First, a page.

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Bell Textron’s Valor wins Army’s FLRAA competition to replace Black Hawk


The V-280 Valor, Bell’s entry for the Army’s Future Long-Range Assault Aircraft, in flight. (Bell)

WASHINGTON — After years of development, prototyping and test flights, the Army today announced that Bell Textron’s Valor tiltrotor has won its Future Long-Range Assault Aircraft (FLRAA) competition to be the successor to the aging UH-60 Black Hawk and a key component of the Army’s future force.

The announcement gives Bell a massive victory not just in America but with the global community of 28 Black Hawk operators, many of whom are likely to follow the US Army’s lead when looking for a replacement in the future.

“I am excited to be part of this momentous day for our Army,” Douglas Bush, the assistant secretary of the Army for Acquisition, Logistics and Technology, said in a release. “The thoughtful and disciplined execution of the FLRAA program strategy will deliver the transformational capabilities we need to support the Joint force, strengthen deterrence and win in multi-domain operations.”

In a subsequent call with reporters, several Army officials provided additional details about the new contract. In total, they said, this current deal is worth up to $1.3 billion with the initial obligation valued at $232 million over the next 19 months.

Major General Robert Barrie, the Army’s Program Executive Officer for Aviation, said the initial dollar figure will allow Bell to continue onward with the preliminary design of the aircraft and deliver  “virtual prototypes of a potentially model-based system.”

“There are zero aircraft being procured in the initial portion,” the two-star general said. If the aircraft moves into production, though, the program could soar up to $70 billion over its lifetime.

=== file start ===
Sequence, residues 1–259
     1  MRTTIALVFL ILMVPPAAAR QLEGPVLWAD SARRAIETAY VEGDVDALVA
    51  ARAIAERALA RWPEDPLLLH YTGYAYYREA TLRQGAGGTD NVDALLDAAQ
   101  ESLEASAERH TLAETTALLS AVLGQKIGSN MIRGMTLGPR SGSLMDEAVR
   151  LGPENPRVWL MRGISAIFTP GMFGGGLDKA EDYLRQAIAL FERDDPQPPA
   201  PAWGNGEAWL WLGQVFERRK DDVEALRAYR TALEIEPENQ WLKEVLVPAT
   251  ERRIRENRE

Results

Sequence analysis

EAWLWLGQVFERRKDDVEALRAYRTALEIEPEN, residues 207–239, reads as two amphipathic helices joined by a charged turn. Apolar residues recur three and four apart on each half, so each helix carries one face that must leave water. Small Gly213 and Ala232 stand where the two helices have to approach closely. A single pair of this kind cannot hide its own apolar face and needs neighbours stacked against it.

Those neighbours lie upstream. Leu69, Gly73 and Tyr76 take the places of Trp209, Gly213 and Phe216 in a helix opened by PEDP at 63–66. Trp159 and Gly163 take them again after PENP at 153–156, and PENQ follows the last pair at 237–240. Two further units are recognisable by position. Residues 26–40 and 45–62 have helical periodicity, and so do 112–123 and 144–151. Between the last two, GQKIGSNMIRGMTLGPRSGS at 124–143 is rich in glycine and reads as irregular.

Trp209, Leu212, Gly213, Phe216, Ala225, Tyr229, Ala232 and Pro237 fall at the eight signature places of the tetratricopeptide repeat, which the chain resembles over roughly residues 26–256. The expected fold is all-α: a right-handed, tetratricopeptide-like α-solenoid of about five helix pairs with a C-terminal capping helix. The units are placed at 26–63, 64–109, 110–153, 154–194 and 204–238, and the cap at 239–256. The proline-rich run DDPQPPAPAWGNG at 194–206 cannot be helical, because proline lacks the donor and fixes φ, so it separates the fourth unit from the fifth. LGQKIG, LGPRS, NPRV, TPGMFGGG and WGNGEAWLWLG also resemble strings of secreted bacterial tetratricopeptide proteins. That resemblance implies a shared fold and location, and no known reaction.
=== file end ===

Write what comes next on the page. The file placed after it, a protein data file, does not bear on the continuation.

“This is an exciting time for the US Army, Bell, and Team Valor as we modernize the Army’s aviation capabilities for decades to come,” Mitch Snyder, president and CEO of Bell, said in a brief statement.

For the past several years, teams from Bell and Sikorsky-Boeing have been racing alongside each other for the high-profile contract, producing futuristic prototypes and logging flight hours. Army leaders were initially expected to announce the victor earlier this year but said they needed additional time to review the bids. Then on Nov. 21, Bush told reporters a decision would be announced by the end of the calendar year, saying the delay was simply due to the necessary “quality control” and “due diligence” associated with a contract “this big.”

The exact requirements the service laid out for the aircraft remain closely held, but allowed the companies to produce two strikingly different designs: Bell’s tiltrotor Valor aircraft against Sikorsky-Boeing’s coaxial rotor Defiant X.


Sikorsky’s Defiant X, its entry for the Army’s Future Long-Range Assault Aircraft, shown in flight. (Sikorsky)

It is unclear at this time if a contract protest will be filed, although given the magnitude of the FLRAA program, it would not be a surprise. A protest could potentially delay the Army on its quest to fielding the new FLRAA fleet around 2030, but service leaders said today they have factored a potential protest delay into the schedule.

The Sikorsky-Boeing team did not disclose if it would protest the decision but issued a brief statement after the announcement.

“We remain confident DEFIANT X is the transformational aircraft the US Army requires to accomplish its complex missions today and well into the future,” the team wrote in a statement. “We will evaluate our next steps after reviewing feedback from the Army.”

Over the weekend, Breaking Defense spoke with Rep. Rob Wittman, R-Va., at this year’s Reagan National Defense Forum. Wittman, a contender to chair the House Armed Services Tactical Air and Land Forces subcommittee, said he believes the FLRAA concept is based around “sound” technology, but said he wants to make sure the aircraft’s range is suitable for the vast distance in the Indo-Pacific region.

In that region, the tactical platform will be a connector and “the question is are there enough KC-46A’s, or whatever, to tank it in theater? We’d have to fly those in,” he said.

“I do think before they make the final award, they really need to examine those operational elements of the aircraft and figure out, does it work at all theaters, or does it just work in a European theater where…we have lots of land base facilities,” Wittman explained. “It’s a big deal to put a tanker up in the [Indo-Pacific Command], and get it to a FLRAA or [Future Attack Reconnaissance Aircraft] and get it refueled,” he later added.

Breaking Defense’s Aaron Mehta contributed this report.